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'It's a Wonderful Life' set for Thomas Jefferson High School stage

| Friday, Nov. 3, 2017, 11:00 p.m.
Taylor Gaito, left, a member of the Thomas Jefferson High School stage crew, and Mariah Ackman, stage crew manager, work on projects for the school's fall play, 'It's a Wonderful Life.' The show is set for Nov. 16 and 17.
Carrie Lekse | West Jefferson Hills School District
Taylor Gaito, left, a member of the Thomas Jefferson High School stage crew, and Mariah Ackman, stage crew manager, work on projects for the school's fall play, 'It's a Wonderful Life.' The show is set for Nov. 16 and 17.
From left, Jessica Taimuty, grade 9; senior Zach Landers as Mr. Potter; and senior Sean Graves as George Bailey rehearse a scene from 'It's a Wonderful Life,' which will be presented Nov. 16 and 17 at Thomas Jefferson High School.
Carrie Lekse | West Jefferson Hills School District
From left, Jessica Taimuty, grade 9; senior Zach Landers as Mr. Potter; and senior Sean Graves as George Bailey rehearse a scene from 'It's a Wonderful Life,' which will be presented Nov. 16 and 17 at Thomas Jefferson High School.

Sean Graves is a little nervous these days.

As the lead in Thomas Jefferson High School's fall play, “It's a Wonderful Life,” Graves, a senior, is in 25 of the play's 31 scenes.

“I'm nervous and excited,” said Graves, 18, who is playing George Bailey, the character immortalized by Jimmy Stewart in the 1946 holiday film.

“Who wouldn't be nervous?” Graves said during a recent rehearsal in the high school auditorium.

“It's a Wonderful Life” tells the story of Bailey, a small town banker, who spends most of his time helping others and preventing the town of Bedford Falls from being taken over by Henry Potter, an evil businessman who owns most of the town and wants control of the bank, one of the few things he doesn't own. On Christmas Eve, George's Uncle Billy loses an $8,000 bank deposit which threatens the future of the bank.

George comes home in a foul mood after learning of the lost money, yells at his family, begins drinking and contemplates suicide by attempting to drive his automobile off a bridge. Fate intervenes and George hits a tree instead. And George's guardian angel, Clarence, appears.

Clarence proceeds to show George what life would be like if he never existed. In a nutshell, Bedford Falls — now called Pottersville — has become a sleazy place without George. After witnessing the demise of the town, George tells Clarence he wants to live again. Life returns to normal and Clarence earns his wings.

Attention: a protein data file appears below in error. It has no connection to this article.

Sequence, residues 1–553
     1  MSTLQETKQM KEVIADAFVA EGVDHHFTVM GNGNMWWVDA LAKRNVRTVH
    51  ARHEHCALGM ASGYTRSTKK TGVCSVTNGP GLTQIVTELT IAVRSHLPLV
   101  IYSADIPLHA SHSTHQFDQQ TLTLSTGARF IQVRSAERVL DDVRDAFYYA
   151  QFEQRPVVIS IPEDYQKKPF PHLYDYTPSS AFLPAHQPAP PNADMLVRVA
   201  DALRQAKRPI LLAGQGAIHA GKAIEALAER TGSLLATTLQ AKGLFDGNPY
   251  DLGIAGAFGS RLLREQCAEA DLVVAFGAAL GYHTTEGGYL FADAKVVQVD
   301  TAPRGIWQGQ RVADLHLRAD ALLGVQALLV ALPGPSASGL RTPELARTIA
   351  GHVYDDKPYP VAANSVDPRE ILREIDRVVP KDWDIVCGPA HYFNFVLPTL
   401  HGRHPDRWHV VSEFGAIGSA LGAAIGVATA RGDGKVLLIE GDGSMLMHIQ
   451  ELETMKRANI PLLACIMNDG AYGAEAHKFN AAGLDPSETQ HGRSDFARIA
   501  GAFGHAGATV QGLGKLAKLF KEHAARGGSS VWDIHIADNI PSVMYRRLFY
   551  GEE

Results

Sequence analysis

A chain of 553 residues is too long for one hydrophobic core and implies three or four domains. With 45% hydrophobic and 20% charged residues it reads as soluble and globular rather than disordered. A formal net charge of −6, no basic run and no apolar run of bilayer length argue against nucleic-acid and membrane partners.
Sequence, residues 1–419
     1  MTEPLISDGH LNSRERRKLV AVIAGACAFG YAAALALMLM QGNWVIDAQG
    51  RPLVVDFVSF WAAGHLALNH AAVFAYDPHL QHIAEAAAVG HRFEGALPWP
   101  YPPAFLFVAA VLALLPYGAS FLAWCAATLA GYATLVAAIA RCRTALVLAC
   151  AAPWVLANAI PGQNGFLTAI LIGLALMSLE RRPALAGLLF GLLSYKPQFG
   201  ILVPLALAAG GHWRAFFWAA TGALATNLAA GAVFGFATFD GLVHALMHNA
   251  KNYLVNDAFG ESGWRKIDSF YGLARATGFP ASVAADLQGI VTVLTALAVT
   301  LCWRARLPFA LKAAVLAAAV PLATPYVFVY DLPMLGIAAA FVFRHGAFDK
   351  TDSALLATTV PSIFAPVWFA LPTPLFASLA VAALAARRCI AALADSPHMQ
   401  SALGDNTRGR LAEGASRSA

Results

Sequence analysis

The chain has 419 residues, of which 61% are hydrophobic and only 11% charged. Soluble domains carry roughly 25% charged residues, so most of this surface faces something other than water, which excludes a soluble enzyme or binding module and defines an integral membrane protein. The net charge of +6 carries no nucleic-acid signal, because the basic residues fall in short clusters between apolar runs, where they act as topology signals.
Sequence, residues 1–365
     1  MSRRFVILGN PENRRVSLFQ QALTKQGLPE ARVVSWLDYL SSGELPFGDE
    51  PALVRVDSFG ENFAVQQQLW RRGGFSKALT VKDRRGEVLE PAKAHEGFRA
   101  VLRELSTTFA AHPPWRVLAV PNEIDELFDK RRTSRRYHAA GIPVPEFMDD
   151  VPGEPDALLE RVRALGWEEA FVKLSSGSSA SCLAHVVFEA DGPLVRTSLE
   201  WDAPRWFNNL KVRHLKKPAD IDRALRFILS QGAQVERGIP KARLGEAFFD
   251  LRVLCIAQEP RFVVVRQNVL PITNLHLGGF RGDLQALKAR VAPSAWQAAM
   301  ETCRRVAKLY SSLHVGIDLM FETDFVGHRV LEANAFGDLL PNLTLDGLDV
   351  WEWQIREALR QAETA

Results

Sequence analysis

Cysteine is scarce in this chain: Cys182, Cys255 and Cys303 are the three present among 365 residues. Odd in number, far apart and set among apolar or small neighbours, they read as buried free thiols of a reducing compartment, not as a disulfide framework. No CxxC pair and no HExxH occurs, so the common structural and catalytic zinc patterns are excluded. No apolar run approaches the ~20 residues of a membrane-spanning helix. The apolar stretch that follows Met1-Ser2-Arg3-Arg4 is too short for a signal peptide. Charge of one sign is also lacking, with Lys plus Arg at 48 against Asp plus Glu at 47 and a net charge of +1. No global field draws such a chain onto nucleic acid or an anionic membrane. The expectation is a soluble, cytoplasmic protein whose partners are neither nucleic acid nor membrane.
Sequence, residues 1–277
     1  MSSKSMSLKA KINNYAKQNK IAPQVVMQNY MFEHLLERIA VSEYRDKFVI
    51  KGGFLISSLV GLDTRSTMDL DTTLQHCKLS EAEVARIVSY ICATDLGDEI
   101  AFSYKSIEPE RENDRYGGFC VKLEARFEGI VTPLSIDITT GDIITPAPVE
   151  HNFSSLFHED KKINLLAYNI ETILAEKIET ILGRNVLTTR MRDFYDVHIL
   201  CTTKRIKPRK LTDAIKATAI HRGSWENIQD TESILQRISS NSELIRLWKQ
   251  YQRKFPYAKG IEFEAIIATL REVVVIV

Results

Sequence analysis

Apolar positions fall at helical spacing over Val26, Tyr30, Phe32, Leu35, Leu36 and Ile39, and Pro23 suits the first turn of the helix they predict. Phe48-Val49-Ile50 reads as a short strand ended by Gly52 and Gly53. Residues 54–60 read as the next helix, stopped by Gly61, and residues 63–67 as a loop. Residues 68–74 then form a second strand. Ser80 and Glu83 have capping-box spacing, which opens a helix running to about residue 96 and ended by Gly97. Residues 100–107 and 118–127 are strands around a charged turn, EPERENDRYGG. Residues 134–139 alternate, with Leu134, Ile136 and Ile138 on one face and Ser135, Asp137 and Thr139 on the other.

Julie Tipton, an English and theater teacher at Thomas Jefferson, said she chose the holiday classic which is based on the story, “The Greatest Gift” by Philip Van Doren Stern for this fall's production because of its message that everyone makes a difference.

“This is such a good story and there is something here for everyone,” said Tipton, who has been in charge of the school's fall play for nine years. “It asks, ‘Do I matter?' And it answers that everyone matters.”

Rehearsals began in September, said Tipton, adding that 85 students are involved in the production and they have been rehearsing four times a week.

Reid Campolong, a senior who plays Uncle Billy, said he is a fan of the film and has watched it several times, something he expects to do again during the Christmas holidays.

“This has been a lot of fun,” said Campolong, 17, who hopes to one day have his own software engineering company. “I wanted to change things up and try something creative.”

George's wife, Mary Bailey, is being played by Gabrielle Lamenza, a sophomore.

“This takes a lot of time out of school, but I feel real comfortable,” said Lamenza, 16, who plans on watching the movie before opening night Nov. 16. “My parents love that I am in the play and have been very supportive.”

Senior Zach Landers, 18, who plays Mr. Potter, calls his character a complex and evil man. He said his biggest challenge with the role is understanding what makes Mr. Potter who he is.

“This play has taught me to be more empathetic,” said Landers, who wants to become a writer.

Suzanne Elliott is a Tribune-Review staff writer.

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